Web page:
Still looking at 2011 numbers, Metts estimated that after the tax break's expiration workers would pay $37.1 million more in payroll taxes, due to the $115.1 million taxed on total wages.

That averages at "an extra $675 per worker," Metts reported.

Much still needs to be discussed.

Spokespeople of several local companies declined to comment on Wednesday, because they didn't know enough about the payroll taxes to predict impacts on their employees.

Even with his company's struggles, Worst is glad to see the tax restored, he said.

"It seems like we constantly hear that Social Security is under fire, and then they lower the rate for Social Security," he said. "For a program suffering so bad, that seemed like it was probably a bad place to make a cut."

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  • concernedcitizen posted at 9:12 am on Sun, Jan 6, 2013.

    concernedcitizen Posts: 2530

    CDA Analyst

    GREAT observation. This is the problem in America. The poor poor rich guy with large or multiple business's, multiple mansions, taking multiple exotic vacations twist the actual numbers put out to make it look like they are the ones being inconvenienced to justify low wages and no benefits.

  • CDA Analyst posted at 9:54 pm on Sat, Jan 5, 2013.

    CDA Analyst Posts: 1

    Are you kidding me? I can't decide which is worse: The reporter baiting the interview by describing the Social Security tax holiday expiration as a "Federal Tax Hike" or Tom Power's knee jerk reaction of wondering "how employers like him will pass on that cost to employees." Did Mr. Power's HR or accounting team fall asleep on this one? The Social Security tax holiday was a 2% reduction for EMPLOYEES ONLY! The company was always taxed at their normal 6.2% even during the tax holiday. Be upset all you want about what Obamacare is going to do to companies but this one has no impact to the company. What it will do to every employee is reduce their discretionary income, so the retail and food service guys are in real trouble for THAT result.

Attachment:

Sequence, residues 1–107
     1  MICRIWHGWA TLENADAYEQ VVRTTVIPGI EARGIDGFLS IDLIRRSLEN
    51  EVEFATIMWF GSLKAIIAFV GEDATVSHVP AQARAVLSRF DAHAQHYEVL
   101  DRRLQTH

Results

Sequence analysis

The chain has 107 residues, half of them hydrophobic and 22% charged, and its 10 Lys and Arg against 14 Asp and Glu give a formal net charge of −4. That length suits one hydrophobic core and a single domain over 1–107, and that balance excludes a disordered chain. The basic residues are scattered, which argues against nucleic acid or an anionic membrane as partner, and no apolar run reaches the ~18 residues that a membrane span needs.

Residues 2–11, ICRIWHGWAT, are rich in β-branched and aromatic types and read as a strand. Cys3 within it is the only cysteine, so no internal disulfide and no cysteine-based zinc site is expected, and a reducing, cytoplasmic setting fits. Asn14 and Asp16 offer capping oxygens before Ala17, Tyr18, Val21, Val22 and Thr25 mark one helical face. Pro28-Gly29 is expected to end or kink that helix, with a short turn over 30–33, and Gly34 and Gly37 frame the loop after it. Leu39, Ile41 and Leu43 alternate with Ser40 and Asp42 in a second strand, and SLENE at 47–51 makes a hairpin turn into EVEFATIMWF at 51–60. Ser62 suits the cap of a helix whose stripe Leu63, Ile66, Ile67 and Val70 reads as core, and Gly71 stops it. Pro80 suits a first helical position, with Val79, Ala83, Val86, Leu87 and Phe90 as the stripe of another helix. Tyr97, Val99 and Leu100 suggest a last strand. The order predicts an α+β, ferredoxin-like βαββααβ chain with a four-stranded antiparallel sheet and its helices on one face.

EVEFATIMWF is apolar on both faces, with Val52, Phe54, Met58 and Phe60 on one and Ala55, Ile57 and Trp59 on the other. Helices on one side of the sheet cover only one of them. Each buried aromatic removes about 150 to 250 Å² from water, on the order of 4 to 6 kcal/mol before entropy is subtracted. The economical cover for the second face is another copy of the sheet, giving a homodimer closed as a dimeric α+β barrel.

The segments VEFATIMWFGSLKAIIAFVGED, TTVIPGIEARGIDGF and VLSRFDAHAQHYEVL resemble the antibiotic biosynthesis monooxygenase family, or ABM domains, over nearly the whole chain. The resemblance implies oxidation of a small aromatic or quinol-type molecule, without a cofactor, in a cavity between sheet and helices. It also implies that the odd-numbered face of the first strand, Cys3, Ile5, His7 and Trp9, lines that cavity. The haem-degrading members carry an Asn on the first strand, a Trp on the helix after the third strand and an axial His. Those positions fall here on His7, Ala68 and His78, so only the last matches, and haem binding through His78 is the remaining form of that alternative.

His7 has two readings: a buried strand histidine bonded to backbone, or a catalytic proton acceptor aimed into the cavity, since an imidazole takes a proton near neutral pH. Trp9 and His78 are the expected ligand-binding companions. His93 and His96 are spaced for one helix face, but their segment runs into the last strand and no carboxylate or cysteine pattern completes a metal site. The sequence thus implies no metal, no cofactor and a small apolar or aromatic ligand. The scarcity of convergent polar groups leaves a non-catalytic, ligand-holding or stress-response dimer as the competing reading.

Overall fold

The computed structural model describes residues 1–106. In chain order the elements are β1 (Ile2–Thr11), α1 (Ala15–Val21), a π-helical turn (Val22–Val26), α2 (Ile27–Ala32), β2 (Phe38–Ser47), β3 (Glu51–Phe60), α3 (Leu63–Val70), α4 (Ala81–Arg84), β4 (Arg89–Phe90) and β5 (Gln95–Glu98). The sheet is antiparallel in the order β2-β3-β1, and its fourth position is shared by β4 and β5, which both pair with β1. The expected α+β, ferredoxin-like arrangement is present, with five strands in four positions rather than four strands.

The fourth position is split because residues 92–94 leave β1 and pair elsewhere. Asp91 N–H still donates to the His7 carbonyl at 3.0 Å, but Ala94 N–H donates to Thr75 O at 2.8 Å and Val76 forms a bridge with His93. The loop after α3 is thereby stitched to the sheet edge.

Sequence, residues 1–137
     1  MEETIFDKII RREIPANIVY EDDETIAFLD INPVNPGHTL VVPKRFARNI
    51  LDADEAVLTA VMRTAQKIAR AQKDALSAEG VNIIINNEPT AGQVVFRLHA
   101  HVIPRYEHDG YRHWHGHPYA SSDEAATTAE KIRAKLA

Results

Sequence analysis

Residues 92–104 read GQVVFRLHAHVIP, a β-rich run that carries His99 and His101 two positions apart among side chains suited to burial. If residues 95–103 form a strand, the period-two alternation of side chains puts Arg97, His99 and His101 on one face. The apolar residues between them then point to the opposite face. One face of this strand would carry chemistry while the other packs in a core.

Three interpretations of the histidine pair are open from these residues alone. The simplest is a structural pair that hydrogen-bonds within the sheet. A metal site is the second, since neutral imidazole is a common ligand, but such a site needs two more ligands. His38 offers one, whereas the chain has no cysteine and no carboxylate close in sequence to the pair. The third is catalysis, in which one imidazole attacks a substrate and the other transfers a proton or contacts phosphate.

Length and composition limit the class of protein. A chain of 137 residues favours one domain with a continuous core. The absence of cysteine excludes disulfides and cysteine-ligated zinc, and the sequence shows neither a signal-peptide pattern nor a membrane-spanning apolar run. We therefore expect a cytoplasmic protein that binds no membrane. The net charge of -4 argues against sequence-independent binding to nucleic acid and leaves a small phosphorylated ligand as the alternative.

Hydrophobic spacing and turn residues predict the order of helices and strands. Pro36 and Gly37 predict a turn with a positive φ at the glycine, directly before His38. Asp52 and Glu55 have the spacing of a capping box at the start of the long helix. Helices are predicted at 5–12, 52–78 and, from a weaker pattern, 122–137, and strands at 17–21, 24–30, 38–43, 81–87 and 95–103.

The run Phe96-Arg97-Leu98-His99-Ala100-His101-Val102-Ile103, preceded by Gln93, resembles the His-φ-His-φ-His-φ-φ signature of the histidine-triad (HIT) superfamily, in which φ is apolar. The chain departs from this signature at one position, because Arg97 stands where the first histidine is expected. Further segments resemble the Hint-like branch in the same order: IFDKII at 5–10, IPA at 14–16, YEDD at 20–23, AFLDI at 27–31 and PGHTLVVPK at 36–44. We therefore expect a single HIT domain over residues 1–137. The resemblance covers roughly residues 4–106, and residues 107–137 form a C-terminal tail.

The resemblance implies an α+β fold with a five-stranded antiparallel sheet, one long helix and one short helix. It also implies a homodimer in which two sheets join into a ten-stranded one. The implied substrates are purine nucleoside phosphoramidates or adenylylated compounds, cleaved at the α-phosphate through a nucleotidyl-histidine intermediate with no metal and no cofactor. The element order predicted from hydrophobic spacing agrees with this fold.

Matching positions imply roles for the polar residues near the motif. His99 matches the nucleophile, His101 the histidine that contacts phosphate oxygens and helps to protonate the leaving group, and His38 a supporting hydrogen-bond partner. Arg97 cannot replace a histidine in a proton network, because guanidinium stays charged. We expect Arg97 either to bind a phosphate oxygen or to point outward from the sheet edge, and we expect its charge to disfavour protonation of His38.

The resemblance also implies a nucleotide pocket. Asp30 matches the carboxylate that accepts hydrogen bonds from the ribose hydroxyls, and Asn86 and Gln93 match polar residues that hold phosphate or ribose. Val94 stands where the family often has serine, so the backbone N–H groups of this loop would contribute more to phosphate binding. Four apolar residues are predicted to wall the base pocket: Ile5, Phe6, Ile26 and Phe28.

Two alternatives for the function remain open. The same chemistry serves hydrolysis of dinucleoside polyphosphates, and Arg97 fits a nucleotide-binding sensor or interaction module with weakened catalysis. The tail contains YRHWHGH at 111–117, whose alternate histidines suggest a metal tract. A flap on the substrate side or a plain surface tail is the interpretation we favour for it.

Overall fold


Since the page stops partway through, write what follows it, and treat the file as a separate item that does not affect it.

• JoeIdaho posted at 4:16 pm on Fri, Jan 4, 2013.

    JoeIdaho Posts: 2841

    Not many things as funny as watching someone think that "a few bucks per paycheck" is enough to "slow down the national debt".

    Here you go, Brainiac.
    On Black Friday, the day after Thanksgiving, the federal Governmetn BORROWED $221.00 for EVERY man, woman & child in America.
    That's one DAY.
    As it stands now, they are giving Bansk 85 BILLLION DOLLARS a month; or the equivalent of 1.5 MILLION jobs at $50,000 each, paid for a year.
    And you think "a few bucks per paycheck" has an effect?

  • hayden_guy posted at 10:54 pm on Thu, Jan 3, 2013.

    hayden_guy Posts: 400

    A few bucks per paycheck to help close the deficit? To help slow down the national debt so the country our children have is not as bad off? Seems like a no brainer to me... take a couple more each check to help even more.

  • mister d posted at 10:43 am on Thu, Jan 3, 2013.

    mister d Posts: 1531

    Like any decrease in take home pay, the average CDA worker will just have less discretionary dollars to spend at local establishments. It might only be $60 or so a month per worker, but how many dinners out will that buy.